Global advertising giant WPP is learning to understand and use technology, data, and content in the new business process, according to the company’s CEO Sir Martin Sorrell.
Discussing the group’s preliminary results for 2014, along with an outlook for the year ahead, Sorrell said that the company is focusing on embedding “data people” into its client and pitch teams and labelled this as a key point for the year ahead.
“We are increasingly bringing what we do in the media and data areas together,” said Sorrell.
Sorrell spent much of the meeting discussing the role of “big data” in marketing today, highlighting the success of its programmatic platform business Xaxis.
“We’re pleased and delighted at the success of Xaxis, especially in North America and the EMEA region. It’s growing rapidly in the APAC and LatAm regions too.
“Marketing is obviously becoming more data driven – clients need a simplified, better utilisation of data and help in managing and sorting their way through the explosion of data,” said Sorrell.
The British company, which owns the JWT and Ogilvy & Mather agencies, said that it has seen high demand in January following strong trading in North America and China, helping the group to meet its 2014 targets.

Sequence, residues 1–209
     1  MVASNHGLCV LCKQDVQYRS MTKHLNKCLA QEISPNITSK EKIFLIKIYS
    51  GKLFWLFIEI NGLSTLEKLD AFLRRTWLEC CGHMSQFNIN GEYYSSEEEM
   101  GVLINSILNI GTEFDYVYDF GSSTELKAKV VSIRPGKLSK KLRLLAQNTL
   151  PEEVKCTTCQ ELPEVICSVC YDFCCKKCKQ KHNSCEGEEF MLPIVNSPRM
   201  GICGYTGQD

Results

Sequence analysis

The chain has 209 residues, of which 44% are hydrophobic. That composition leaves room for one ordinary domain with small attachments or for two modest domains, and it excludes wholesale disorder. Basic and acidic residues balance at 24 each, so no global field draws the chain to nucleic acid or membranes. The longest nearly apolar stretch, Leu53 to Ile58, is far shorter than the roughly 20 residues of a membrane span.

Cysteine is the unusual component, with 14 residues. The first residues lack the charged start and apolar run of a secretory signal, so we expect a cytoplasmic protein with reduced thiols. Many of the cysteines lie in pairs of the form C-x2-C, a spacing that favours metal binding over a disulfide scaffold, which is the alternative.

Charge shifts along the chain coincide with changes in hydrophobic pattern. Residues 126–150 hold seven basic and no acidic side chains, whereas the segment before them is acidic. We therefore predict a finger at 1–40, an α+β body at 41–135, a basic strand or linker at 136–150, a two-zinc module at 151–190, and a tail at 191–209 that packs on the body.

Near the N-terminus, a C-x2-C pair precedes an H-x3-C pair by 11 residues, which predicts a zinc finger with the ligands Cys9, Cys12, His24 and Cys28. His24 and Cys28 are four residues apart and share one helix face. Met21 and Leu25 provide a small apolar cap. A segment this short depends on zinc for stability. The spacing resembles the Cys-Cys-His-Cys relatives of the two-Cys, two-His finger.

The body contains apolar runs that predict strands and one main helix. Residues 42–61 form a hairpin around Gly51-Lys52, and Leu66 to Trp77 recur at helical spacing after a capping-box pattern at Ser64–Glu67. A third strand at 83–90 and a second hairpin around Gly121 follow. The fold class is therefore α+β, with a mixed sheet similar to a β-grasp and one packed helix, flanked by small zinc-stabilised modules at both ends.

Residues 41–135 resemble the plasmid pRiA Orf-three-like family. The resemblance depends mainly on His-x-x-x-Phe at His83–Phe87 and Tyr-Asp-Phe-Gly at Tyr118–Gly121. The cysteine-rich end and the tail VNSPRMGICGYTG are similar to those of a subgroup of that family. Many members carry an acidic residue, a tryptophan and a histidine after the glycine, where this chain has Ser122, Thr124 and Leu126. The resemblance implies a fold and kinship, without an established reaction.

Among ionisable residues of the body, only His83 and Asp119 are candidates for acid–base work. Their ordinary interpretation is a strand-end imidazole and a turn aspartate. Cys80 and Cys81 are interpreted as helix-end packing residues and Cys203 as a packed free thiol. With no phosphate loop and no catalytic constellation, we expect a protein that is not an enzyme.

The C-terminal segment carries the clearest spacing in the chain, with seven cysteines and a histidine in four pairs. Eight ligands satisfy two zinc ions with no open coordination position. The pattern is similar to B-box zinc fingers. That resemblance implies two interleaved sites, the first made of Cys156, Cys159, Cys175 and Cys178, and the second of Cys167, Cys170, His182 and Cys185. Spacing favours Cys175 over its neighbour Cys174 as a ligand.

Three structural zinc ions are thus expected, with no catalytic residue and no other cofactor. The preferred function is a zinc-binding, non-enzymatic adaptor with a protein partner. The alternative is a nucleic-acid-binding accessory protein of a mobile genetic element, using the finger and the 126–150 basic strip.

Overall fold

The group reported a 12% rise in 2014 pre-tax profits to £1.45bn, on revenues that rose 4.6% to £11.5bn – crediting the UK and North America for its performance.
But Sorrell also warned of looming challenges for the year ahead, including troubles in the Middle East, a slowdown for China and Russia, and the UK’s impending general election.
“The increasingly uncertain result of the UK’s General Election may crimp the strong UK economic recovery, which equals or even exceeds the US strength, albeit relatively.
“If the Conservative [Party] win outright or lead a coalition or even form a minority government, there will be a Referendum on the EU in 2016 or 2017, which will cause significant uncertainty.
“If Labour wins outright or leads a coalition, or forms a minority government, it will win partly on a ‘bashing business’ manifesto, which may resonate at the ballot box,” said Sorrell.